Michael Johnson's golden spikes drew more attention than his gold medal performance in the 400-meter sprint during the 1996 Olympics in Atlanta. Everyone has been taken aback by Nike's approach. This incident became so well-known that Michael Johnson earned the moniker "The Man With Golden Shoes."
Brands engage in promotional activities to associate its products with an event over which it has no sponsorship rights. They apply this technique called ‘ambush marketing’ in their marketing strategy to “ambush” their rivals and gain popularity. Nike used ambush marketing to seize the spotlight.
What Is Ambush Marketing?
Jerry Welsh, a marketing guru who coined the term "ambush marketing" in 1920, formally defines it as a method in which brands profit from the PR value of events without contributing any funds to the event through sponsorship.
Brands use wordplay, ads, billboards, and other creative tactics to ambush their competitors and advertise their products under the guise of sponsors.
Is Ambush Marketing Ethical?
Some marketers question the ethics behind ambush marketing. The concept of pushing advertisements on the back of events without any investment makes marketers think so.
Ambush marketing, when done incorrectly, can harm firms more than it helps them. Infringing on the sponsor's trademarks and copyrights may result in the brand being penalized.
However, when utilized ethically, ambush marketing can help you boost your marketing efforts, win your customers' hearts, and increase your revenues.
Advantages Of Ambush Marketing
Ambush marketing is a low-cost, high-impact marketing tactic. It's a brilliant way for small businesses to promote their products at major events like the Olympics and Super Bowl as it requires little to no money.
Ambush marketing helps brands build brand equity by allowing them to be more innovative with their marketing strategies.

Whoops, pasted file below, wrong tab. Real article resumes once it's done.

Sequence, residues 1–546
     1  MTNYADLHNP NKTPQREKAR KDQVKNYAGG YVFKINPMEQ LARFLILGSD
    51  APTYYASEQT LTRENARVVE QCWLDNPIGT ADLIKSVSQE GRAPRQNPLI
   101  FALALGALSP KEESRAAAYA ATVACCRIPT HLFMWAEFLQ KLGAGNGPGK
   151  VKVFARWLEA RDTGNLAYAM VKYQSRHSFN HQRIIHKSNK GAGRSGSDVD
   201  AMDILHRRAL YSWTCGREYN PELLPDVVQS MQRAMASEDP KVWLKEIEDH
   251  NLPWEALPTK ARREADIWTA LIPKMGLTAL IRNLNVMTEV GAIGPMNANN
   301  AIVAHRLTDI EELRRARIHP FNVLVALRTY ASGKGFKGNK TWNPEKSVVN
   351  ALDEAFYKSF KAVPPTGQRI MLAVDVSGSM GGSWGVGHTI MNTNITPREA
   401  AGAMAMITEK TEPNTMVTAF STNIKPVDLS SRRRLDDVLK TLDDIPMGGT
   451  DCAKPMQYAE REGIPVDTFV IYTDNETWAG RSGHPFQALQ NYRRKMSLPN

It increases rivalry among enterprises vying for market share, which is beneficial to customers because prices will drop due to increased competition.
Brand Wars On The Side Lines Of Ambush Marketing
Big brands have had considerable success with ambush marketing in their branding. Here are some real-life examples of ambush marketing that allowed brands to be more creative and gain a competitive advantage.
1. BMW & Audi - Word War On Billboards
In 2009, luxury car manufacturers, BMW and Audi competed for billboard supremacy in Santa Monica, California.
The feud started when BMW held a rally in Wisconsin and advertised the slogan "A BMW rally with two local service stations. What's next, a chess tournament with paramedics?" at the 35th MOA Event.
Audi took advantage of the current BMW push to promote itself. It bought a billboard in Santa Monica that showed off its new A4 sedan and mocked BMW's slogan:
Audi didn't come to a halt here. And, to provoke BMW, it came up with another catchphrase.
BMW did not take Audi's provocation lightly this time. It bought a billboard across the street from the Audi's with a counter-promotional slogan:
This tit for tact game also cost the car behemoths billboard space. Both carmakers, however, attracted the attention of their customers, who took sides in the billboard fight by photoshopping and captioning the billboards.